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Fireside Chats: On the Road—The Fort Mims Massacre

Hitting the road to stay sane during this time of continuing quarantine here in my home state of Alabama. Restrictions have eased up a bit, but all the places I enjoy going—movie theaters, museums, festivals, flea markets and antique shops—are still off-limits. That leaves the great outdoors and the open road. Now, at least, there are places where one can pull in to pee if need be.

The blockhouse, where the defenders made their last stand.


Inside the blockhouse. Those aren’t tiny windows. They’re for rifles.


When I visit a place, a historic site or what-have-you, I’m going both as a history buff and as a paranormal investigator. Most of the historic sites I visit have some tradition of bloodshed attached, thus leaving said places rife for disquieted spirits.

How many people entered this structure never to leave it?


I didn’t bring any equipment with me when I visited Fort Mims in Tensaw, Alabama, but the individual traveling with me, who is a sensitive, had to remain in the car because the feelings she was getting were overwhelming. (Also it was raining.) Considering that between 350 and 500 people were killed there on August 30, 1813, it isn’t surprising.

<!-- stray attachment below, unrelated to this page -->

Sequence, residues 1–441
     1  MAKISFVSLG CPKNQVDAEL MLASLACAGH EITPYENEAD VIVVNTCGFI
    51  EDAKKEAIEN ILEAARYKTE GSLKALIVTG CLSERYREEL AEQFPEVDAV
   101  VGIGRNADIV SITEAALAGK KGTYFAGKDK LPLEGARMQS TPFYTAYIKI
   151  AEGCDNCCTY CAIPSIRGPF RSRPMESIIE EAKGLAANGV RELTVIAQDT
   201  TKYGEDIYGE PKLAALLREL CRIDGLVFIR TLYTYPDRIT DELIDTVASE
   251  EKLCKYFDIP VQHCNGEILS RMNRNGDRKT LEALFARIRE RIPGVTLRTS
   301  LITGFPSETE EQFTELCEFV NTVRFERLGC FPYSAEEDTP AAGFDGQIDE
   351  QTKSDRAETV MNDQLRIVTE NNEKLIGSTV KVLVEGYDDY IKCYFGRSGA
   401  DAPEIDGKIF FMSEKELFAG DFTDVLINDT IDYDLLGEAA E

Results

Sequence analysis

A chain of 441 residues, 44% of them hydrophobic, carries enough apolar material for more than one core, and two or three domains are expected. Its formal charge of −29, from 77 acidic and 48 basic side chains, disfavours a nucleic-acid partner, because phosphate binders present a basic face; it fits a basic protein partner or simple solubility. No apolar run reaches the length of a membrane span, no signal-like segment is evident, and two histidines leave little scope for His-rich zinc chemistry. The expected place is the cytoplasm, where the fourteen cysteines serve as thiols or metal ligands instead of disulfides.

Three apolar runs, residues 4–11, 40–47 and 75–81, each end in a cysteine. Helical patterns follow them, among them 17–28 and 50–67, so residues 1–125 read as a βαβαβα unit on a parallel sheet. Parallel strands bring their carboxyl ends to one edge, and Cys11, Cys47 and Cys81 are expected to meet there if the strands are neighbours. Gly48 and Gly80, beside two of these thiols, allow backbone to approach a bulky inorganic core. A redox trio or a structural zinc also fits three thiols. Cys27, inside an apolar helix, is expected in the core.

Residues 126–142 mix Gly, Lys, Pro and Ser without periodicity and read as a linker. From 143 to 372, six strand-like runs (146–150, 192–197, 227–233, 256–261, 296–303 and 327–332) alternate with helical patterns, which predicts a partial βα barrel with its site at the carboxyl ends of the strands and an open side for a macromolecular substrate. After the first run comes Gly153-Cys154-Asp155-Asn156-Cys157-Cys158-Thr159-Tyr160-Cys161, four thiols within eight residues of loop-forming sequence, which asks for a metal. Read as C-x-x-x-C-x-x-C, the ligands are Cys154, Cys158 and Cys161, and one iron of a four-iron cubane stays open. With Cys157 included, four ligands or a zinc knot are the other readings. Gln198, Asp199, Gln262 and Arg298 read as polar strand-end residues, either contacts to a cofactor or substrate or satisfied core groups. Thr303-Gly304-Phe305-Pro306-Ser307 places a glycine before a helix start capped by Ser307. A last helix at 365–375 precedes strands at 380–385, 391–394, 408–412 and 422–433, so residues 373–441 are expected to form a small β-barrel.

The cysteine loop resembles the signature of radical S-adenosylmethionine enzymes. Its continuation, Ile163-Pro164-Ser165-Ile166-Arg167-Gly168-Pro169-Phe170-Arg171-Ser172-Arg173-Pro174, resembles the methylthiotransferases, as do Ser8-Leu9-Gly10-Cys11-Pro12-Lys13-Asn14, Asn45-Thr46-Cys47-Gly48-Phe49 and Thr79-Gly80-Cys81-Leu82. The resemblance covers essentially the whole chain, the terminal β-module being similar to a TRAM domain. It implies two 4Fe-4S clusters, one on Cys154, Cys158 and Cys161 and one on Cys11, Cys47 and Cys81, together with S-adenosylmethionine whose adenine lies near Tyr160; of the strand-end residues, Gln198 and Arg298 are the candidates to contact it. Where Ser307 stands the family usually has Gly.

Inside the blockhouse. I saw no one else, yet I was not alone.


Fort Mims wasn’t really a fort as we think of them. Government troops had constructed a stockade around the home of a local settler named Samuel Mims, and a blockhouse within the palisade. These preparations weren’t enough to repel the band of Creek Indian warriors under the command of Chief William “Red Eagle” Weatherford, and almost everyone who had fled to the fort for security was slaughtered. It was a bloodbath.

I also, while I was in the area, sought to locate the gravesite of Chief Red Eagle, but all the roads back there were dirt roads. No gravel, either; these were *dirt* roads, pure Alabama red clay. And remember that I mentioned how it had been raining? The idea of getting stuck in the mud again* looking for an historic Indian site—nearing sunset, during a pandemic—didn’t appeal to me, so I had to call that search off.

(*It wouldn’t have been the first time I had gotten stuck in mud while looking for a historic Indian site.)

TheCheezman • May 31, 2020


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